I Love You

Three very simple words that possess the power to literally change everything.
We’ve heard them so may times we don’t always realize their full implication.
If we don’t hear them, it has a profoundly negative impact on our life.
If we don’t say them, it has a profoundly negative impact on our life.

But what if that’s all you could say?

My father was born and raised in Cuba.

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He left, in his words, for survival. He was one of the lucky ones who was able to leave. But he left alone.  His entire family remained, cheering him on.  He had a chance at a better life. His father knew his talents would not reach full potential and/or would possibly be stifled so he blessed him and urged him to go and find a new path in a new place.

Can you imagine? Encouraging your son to risk it all because you knew there was a better way for him, because you knew there was certain heartache if he remained, knowing you would most likely not see him again if he did go?

What courage. What sacrifice. What pain.

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Growing up my dad didn’t speak much about his childhood in Cuba. He was busy building his family and business.  I do remember occasionally he would receive letters from home.  I can also remember times when he would try to send things to his brothers.  But there was never a guarantee that they would get it.  Mail and packages were notoriously ripped open and the contents read, stolen or destroyed.  It must have been hard for my dad not knowing how his family was.  It must have been hard for my Grandpa not knowing how his son was.

Very rarely there would be a phone call that was able to come through.  Dad was able to talk with his father. I could hear him speaking Spanish.  This wasn’t uncommon in our house hold, as a doctor he had many Spanish speaking patients, but his tone was different when a call from home came.  He would call us to come around and put the phone to each one of our ear. And then I heard it. The voice of an old man simply saying the words that change everything.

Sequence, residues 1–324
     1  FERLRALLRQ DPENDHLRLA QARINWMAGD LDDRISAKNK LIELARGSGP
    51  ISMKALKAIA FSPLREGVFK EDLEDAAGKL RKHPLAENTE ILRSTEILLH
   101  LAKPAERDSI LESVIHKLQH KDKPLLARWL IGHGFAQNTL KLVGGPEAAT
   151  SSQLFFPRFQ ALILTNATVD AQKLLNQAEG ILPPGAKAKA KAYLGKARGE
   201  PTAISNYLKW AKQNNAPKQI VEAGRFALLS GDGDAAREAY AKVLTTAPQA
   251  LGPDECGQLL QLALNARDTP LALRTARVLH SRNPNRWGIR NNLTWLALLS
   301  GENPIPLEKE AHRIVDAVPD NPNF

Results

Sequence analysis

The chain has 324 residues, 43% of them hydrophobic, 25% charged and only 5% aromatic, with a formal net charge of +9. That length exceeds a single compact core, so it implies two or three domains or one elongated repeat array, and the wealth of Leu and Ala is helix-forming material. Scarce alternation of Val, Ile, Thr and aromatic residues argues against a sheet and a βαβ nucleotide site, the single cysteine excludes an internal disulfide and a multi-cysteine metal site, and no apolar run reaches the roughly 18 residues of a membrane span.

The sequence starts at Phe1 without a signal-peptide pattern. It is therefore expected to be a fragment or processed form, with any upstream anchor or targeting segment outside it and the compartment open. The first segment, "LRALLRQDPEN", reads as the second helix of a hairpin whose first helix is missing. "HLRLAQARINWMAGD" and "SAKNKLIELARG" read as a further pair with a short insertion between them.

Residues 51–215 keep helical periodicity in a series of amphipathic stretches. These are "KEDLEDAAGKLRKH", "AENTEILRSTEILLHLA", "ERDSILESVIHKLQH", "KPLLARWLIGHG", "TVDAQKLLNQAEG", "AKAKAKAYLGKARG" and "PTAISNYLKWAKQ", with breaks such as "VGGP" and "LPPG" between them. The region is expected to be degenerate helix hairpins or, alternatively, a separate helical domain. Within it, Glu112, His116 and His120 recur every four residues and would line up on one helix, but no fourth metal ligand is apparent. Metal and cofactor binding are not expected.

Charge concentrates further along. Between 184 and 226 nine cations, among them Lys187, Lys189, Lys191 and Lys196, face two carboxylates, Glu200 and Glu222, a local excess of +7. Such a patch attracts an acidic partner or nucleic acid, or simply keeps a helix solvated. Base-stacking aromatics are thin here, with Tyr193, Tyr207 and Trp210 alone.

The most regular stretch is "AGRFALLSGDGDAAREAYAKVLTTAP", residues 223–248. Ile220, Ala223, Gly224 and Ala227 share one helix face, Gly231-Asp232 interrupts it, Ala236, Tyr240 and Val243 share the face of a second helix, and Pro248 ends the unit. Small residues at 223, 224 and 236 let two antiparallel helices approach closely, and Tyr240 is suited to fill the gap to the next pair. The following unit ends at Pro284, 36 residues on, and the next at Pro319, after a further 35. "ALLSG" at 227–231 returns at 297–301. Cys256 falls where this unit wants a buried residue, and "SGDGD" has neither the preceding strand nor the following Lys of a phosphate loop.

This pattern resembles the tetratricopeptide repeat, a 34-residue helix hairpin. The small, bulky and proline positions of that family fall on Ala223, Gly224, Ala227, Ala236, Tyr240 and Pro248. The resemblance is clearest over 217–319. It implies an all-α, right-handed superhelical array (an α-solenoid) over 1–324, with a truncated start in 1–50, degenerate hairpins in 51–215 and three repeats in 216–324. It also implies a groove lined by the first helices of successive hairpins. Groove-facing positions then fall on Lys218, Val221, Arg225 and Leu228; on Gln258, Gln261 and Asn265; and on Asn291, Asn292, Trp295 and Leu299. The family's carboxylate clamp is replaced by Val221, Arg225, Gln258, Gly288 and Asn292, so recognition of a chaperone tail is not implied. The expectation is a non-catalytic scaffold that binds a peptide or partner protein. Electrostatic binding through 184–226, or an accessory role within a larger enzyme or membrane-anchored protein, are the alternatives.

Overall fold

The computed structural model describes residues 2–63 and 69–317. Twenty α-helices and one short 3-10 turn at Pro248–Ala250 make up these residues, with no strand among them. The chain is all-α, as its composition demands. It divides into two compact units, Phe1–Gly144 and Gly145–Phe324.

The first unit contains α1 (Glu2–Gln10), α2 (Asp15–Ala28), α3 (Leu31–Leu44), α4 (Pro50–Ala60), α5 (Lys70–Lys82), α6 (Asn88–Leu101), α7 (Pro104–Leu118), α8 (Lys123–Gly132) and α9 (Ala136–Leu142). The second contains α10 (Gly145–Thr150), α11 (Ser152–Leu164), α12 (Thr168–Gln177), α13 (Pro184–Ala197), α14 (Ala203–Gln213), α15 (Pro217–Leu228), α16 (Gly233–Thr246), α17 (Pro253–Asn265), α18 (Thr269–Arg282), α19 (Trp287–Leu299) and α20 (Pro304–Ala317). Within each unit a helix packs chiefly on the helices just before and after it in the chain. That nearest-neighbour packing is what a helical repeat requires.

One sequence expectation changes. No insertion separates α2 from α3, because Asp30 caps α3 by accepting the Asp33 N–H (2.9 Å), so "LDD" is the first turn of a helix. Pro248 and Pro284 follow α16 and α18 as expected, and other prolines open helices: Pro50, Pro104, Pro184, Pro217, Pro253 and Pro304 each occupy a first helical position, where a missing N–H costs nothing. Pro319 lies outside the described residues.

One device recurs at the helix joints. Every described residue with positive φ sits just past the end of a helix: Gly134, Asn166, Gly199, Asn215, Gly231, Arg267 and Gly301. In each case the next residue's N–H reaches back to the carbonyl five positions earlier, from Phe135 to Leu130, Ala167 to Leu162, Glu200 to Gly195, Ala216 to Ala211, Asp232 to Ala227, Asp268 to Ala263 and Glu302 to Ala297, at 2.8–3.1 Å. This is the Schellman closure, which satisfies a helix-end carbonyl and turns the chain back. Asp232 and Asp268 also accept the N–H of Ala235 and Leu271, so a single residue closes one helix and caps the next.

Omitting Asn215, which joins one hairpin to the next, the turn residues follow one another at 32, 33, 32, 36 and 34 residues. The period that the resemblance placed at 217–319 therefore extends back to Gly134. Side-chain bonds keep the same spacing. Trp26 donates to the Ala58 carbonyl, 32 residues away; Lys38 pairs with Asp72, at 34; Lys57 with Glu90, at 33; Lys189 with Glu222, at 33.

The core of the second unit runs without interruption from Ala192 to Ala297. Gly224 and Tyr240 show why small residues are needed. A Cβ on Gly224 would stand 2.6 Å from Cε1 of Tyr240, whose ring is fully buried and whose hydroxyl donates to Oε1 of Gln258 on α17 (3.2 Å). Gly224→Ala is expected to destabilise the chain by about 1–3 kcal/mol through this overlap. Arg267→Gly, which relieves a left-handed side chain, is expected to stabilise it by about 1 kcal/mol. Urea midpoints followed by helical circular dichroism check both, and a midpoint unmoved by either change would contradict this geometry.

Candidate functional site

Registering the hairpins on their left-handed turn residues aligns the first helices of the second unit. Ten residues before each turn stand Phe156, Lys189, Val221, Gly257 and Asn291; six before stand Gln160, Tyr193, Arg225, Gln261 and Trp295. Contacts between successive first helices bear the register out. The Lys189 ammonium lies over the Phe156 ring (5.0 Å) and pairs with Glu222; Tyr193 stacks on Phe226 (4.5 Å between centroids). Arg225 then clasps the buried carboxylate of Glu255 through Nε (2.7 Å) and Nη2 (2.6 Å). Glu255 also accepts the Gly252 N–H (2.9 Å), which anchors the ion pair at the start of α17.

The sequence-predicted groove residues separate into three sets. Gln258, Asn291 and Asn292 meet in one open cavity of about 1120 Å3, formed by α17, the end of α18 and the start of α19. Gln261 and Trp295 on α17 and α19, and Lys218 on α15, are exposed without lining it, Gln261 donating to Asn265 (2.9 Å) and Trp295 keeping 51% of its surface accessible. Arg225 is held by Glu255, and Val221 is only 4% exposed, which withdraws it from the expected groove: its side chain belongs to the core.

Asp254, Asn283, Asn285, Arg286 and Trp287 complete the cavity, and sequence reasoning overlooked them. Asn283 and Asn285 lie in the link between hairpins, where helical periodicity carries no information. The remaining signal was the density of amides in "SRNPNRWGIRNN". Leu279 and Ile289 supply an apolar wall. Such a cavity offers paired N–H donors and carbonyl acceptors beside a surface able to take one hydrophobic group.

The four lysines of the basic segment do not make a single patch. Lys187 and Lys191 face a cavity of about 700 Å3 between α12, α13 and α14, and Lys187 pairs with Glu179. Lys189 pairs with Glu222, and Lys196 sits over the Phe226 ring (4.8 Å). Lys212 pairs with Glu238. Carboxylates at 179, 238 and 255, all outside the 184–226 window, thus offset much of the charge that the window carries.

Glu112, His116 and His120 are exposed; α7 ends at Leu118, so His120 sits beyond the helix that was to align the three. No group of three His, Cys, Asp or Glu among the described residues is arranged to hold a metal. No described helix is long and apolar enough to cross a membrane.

I love you.

That’s all my grandpa could say.  He didn’t speak english, or at least not that I knew of. I don’t really remember my response…I’m sure I replied, “I love you too.”  Those phone calls did not come often enough. Actually there were painfully few as I recall.

It’s all I have from him. But it’s everything. He loved me before I was born.  He gave me a life that I could not possess for myself.  He gave me his son.  He gave me what he could have kept for himself but didn’t. He gave me the best of himself without concern for his own well-being. He broke the cycle of living in tyranny and unjust societal and political conditions.  My grandpa did it by sending his son off to make life better for himself and others.

I’m sure my grandpa’s heart broke. I hope the few times we were able to exchange “I love you’s” on the phone parts of it were mended back together.

I can still hear his voice today.

I love you.

With his whispered tone I hear what is not said audibly: I believe in you, you’ve been given skills and ability to bless the world, go do it. His weakened voice echo without words: You deserve love and peace and a family that can live in freedom and opportunity. I’m so happy you have that.

I love you.

Three very simple words that posses the power to literally change everything.

My grandpa gave me everything.

I love you Grandpa.



  1. Powerful words for us all to ponder and speak often. I love you and am thankful our paths crossed for a few years at Ridge Point.

  2. So beautiful written Randi! You are an artist with words and have created a beautiful tribute and tapestry here. Thank you for sharing!

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